“Carbon parts should last for a very long time (aka lifetime) if not damaged, unlike aluminum, which has no fatigue limit. Since I sold my Vitus 979 back in 1990, I can’t remember any aluminum road racing forks being sold. I think that is about the time carbon fiber was hitting the market in strong numbers.

By damage, I’m talking about a wreck or any other over-load situation.

I have tested a lot of steel (mostly True Temper brand tubes) and of course carbon (lots of brands) in fatigue tests and also load-to-fail tests. In high fatigue loading, the carbon forks would eventually lose some stiffness (as much as 5 percent) after many thousands of cycles to represent many years of actual riding conditions. So I would not say the forks would last forever at high loading. You don’t hit high loads on most of your rides though … You should get a lifetime of JRA riding (just riding along).

Steel forks did not lose any stiffness in the fatigue tests. They are typically kind of over built so they never got stressed past the endurance limit (about 50 percent of ultimate tensile strength). In load-to-fail tests, the steel forks bend until they crack, or we would stop when the fork had bent more than 10-20 percent (un-useable).”

So there you go. Sleep easier.
— Lennard

Q. Dear Lennard,
I have a new-to-me road bike with a not very long steerer tube (cut before I got the bike) and I am trying to dial in the stem position. I was sniffing around the ‘net and it appears that with a normal, non-carbon steerer tube, the top of the stem can be a bit taller than the top of the steerer tube — the rule of thumb I saw was that the top bolt of the stem should be level with the top of the steerer tube. Is this the case with carbon steerer tubes as well?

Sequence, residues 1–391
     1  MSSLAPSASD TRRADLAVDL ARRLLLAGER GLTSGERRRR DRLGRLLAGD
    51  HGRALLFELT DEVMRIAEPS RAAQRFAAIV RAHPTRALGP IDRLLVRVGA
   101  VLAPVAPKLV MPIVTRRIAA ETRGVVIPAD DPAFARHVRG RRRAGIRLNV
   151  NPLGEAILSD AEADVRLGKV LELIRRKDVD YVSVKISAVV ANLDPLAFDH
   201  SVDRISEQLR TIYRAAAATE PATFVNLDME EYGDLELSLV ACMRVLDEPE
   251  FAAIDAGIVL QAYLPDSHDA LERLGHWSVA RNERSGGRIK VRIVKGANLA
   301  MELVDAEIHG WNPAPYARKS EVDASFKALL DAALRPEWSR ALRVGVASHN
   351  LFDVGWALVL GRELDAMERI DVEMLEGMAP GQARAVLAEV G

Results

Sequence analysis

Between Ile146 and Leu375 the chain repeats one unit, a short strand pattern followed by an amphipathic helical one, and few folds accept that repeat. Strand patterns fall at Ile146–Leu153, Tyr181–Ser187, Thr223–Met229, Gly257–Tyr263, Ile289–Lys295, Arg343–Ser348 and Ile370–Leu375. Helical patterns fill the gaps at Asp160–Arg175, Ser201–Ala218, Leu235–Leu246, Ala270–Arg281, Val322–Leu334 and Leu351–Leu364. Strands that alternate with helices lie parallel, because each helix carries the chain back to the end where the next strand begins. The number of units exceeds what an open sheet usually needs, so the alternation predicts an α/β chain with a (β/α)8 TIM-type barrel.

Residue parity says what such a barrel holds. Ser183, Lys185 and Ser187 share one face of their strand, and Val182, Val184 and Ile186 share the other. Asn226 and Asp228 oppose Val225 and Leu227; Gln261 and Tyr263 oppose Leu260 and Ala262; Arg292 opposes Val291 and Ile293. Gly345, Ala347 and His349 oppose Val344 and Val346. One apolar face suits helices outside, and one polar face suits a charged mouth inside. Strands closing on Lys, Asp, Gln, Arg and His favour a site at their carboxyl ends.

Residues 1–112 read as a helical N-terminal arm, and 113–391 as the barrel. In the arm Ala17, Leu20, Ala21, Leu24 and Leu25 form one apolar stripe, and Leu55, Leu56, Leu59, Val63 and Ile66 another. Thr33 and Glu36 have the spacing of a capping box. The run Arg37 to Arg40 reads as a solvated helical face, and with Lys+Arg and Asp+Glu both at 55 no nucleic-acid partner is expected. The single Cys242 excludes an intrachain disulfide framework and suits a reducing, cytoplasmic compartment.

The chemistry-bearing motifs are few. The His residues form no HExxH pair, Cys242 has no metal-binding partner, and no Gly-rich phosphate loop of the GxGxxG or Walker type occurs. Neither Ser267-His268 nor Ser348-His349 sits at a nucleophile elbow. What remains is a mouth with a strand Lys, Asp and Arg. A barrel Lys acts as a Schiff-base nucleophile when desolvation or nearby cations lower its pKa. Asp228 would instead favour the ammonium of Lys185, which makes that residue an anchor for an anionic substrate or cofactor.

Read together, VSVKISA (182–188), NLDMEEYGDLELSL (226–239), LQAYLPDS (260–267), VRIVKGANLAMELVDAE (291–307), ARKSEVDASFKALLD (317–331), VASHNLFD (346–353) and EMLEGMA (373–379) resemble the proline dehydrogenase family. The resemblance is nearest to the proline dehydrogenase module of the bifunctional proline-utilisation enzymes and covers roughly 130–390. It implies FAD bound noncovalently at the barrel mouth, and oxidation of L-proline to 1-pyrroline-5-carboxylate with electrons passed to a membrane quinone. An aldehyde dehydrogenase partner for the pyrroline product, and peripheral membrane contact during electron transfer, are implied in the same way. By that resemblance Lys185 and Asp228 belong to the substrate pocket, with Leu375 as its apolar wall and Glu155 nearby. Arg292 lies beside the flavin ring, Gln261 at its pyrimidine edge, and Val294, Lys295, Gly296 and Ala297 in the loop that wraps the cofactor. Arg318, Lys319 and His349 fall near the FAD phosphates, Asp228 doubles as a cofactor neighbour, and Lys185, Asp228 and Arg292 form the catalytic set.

— Elizabeth

A. Dear Elizabeth,
Not really, because it can pinch the top of the steerer and cause delamination. The steerer should stick out of the top of the stem and have a spacer on top of the stem and under the top cap.
— Lennard

Q. Dear Lennard,
In the VeloNews 2011 Buyer’s Guide article “Stack and Reach: Dialing in a New Bike” there is a picture of a T-Square that allows adjustments in two-dimensions (X and Y). I have been searching for something like this for a long time, but I can’t find one anywhere.

Is this a custom-made tool, or can you tell me the manufacturer and model number of the T-Square?
— Steve

A. Dear Steve,
It’s a Serotta International Cycling Institute tool, the SICI X/Y tool. You can get it on the Serotta site.
— Lennard

FILED UNDER: Bikes and Tech / Technical FAQ TAGS: / / / /

Lennard Zinn

Lennard Zinn

Our longtime technical writer joined VeloNews in 1987. He is also a framebuilder, a former U.S. National Team rider, and author of many bicycle books, including Zinn and the Art of Mountain Bike Maintenance and Zinn and the Art of Road Bike Maintenance, as well as Zinn and the Art of Triathlon Bikes and Zinn's Cycling Primer: Maintenance Tips and Skill Building for Cyclists. He holds a Bachelor’s degree in physics from Colorado College. Readers can send brief technical questions to Ask LZ.